Proteasome inhibitors specifically inhibit degradation of poly-ubiquitinated proteins through UPS, resulting in the stabilization of several tumor suppressor proteins that eventually promote cell-cycle arrest and apoptosis [61,62]. Previously it has been demonstrated that bortezomib, the first FDA approved proteasome inhibitor for the treatment of myeloma and mantle cell lymphoma, promotes EBV lytic cycle activation in Burkitt’s lymphoma (BL) [52]. Induction of viral lytic replication in EBV transformed B-lymphocytes together with EBNA3C degradation upon proteasomal inhibition prompted us to evaluate proteasome inhibitors as a potential therapeutic strategy against EBV associated B-cell lymphomas where EBNA3C is expressed, particularly those are generated in an immunocompromised background. Soft agar based colony formation assays and cell viability experiments using trypan blue exclusion method on two LCLs (LCL#1 and LCL#89) demonstrated that both laboratory based and clinically approved proteasome inhibitors, MG132 and bortezomib, respectively, caused a significant reduction of total number of viable cells and colony formation ability in a dose dependent manner (Fig 9A–9D). Bortezomib (LD50: ~0.5 μM) showed approximately 10 fold higher cytotoxity than that of MG132 (LD50: ~5 μM) in LCLs (Fig 9D). To determine whether proteasomal inhibition caused apoptotic cell death, LCLs either left untreated (DMSO control) or treated with both MG132 (5 μM) and bortezomib (0.5 μM) for 24 h were stained with FITC labeled Annexin V in combination with propidium iodide (PI) and subjected for apoptosis analyses (Fig 9E). The results demonstrated that proteasome inhibition significantly induced apoptotic cell death in both LCLs (Fig 9E).

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Fig 9. Proteasome inhibitors can be used as potential therapeutic strategy against EBV associated B-cell lymphomas.

(A-C) 1 × 105 LCLs (LCL#1 and LCL#89) were either left untreated (DMSO control) or treated with increasing concentrations of MG132 (1–5 μM) or bortezomib (0.5–1 μM) for 24 h and subjected for soft agar colony formation assay as described in the “Materials and Methods” section. After 14 days colonies were stained with 0.1% crystal violet and scanned using Odyssey CLx Imaging System and the number of colonies were measured by Image J software and plotted as bar diagrams in (C). Prior to staining, each well was also photographed (bright-field) using a Fluorescent Cell Imager as shown in (B). (D) ~0.5 × 105 LCLs (LCL#1 and LCL#89) plated into each well of six-well plates were either left untreated (DMSO control) or treated with increasing concentrations (0–10 μM) of MG132 or bortezomib for the indicated time points at 37°C in a humidified CO2 chamber. Viable cells from each well were measured by Trypan blue exclusion method using an automated cell counter. (E) ~0.5 × 105 LCLs (LCL#1 and LCL#89) plated into each well of six-well plates were either left untreated (DMSO control) or treated with 5 μM MG132 or 0.5 μM bortezomib for 24 h were subjected to apoptosis assay using annexin V/propidium iodide (PI) staining. FITC labeled annexin V binding (Ex = 488 nm; Em = 350 nm) and PI staining were detected using BD FACSAria III. Error bars represent standard deviations of duplicate assays of two independent experiments. *, **, *** = p-value < 0.01, 0.005 and 0.001 respectively.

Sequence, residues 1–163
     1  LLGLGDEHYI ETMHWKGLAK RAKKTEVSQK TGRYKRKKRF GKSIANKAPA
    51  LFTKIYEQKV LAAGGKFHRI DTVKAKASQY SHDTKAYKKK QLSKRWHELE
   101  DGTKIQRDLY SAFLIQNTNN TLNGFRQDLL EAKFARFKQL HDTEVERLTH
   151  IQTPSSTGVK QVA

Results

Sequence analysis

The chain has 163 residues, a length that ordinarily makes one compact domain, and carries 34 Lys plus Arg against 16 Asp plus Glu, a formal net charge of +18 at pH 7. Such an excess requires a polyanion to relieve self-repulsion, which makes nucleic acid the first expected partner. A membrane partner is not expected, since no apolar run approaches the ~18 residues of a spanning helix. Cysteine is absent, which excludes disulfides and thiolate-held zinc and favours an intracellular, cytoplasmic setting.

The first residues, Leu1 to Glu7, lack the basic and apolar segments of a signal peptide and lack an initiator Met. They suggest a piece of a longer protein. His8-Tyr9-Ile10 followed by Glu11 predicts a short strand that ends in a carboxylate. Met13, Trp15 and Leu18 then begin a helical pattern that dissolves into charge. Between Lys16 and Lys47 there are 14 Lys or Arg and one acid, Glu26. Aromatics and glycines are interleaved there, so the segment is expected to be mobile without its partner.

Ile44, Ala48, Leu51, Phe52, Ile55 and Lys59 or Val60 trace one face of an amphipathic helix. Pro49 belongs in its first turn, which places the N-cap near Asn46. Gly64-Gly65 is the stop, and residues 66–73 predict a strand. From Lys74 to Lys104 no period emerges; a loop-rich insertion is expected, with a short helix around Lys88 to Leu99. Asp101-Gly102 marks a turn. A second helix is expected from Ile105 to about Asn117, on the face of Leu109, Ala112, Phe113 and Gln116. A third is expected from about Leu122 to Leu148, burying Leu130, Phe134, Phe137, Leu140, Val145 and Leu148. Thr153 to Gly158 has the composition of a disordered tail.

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To determine whether proteasome inhibitors may exert different cytotoxic effects on B-cell lymphomas in respect to EBV infection status, cell viability assays was conducted in two EBV negative (BJAB and DG75) and two EBV positive (Namalwa and Raji) BL lines (S10A Fig). The results demonstrated that EBV positive lines both EBNA3C positive Namalwa and EBNA3C negative Raji cells as compared to EBV negative lines were somewhat more sensitive (~2 fold) to proteasome inhibitors induced cell death (S10A Fig), while an opposing effect was observed for autophagy inhibitors (S10B Fig). A similar trend of cell death in both EBNA3C negative line Raji and EBNA3C positive line Namalwa in response to proteasomal inhibition could possibly due to induction of viral lytic replication promoted by proteasome inhibitors as observed in LCLs (Figs 3B, 3D, S2B and S2D). EBNA3C expression was checked in different cell lines used in this study by western blot analyses (S10C Fig).

Previously we have shown that EBNA3C expression in EBV transformed B-lymphocytes significantly protects cell death induced by autophagy inhibitors [36]. Since EBNA3C was shown to enhance cytoprotective autophagy as well as block apoptosis in response to several cellular insults, similar cell viability assays were carried out in both EBNA3C stably expressing BJAB cells and EBNA3C knockdown LCLs to specifically determine if EBNA3C expression may influence proteasome inhibitors mediated cell death (Figs 10A and S11). The results demonstrated that while EBNA3C expressing B-cells as compared to the control line were more susceptible to cell-death induced by proteasome inhibitors in a dose dependent fashion, EBNA3C expression as expected led to a significant protection to cell death caused by autophagy inhibitors (Figs 10A and S11A and S11B). EBNA3C knockdown in LCLs reversed the effect of both proteasome and autophagy inhibitors (S11D and S11E Fig). EBNA3C stable expression in BJAB and knockdown in LCLs were checked by western blot analyses (S11C and S11F Fig, respectively). Susceptibility of proteasomal inhibitors mediated cell death in EBNA3C expressing B-cells was further validated by apoptosis, PARP cleavage and soft agar colony formation assays (Fig 10B–10D). The results confirmed that as compared to control cells, EBNA3C expression led to increased cell apoptosis, PARP cleavage and reduced colony formation ability in response to both proteasome inhibitors (Fig 10B, 10C and 10D, respectively). Overall, the data show promise for proteasome inhibitors as anti-cancer drugs against multiple EBV associated B-cell lymphomas where EBNA3C is expressed (Fig 11).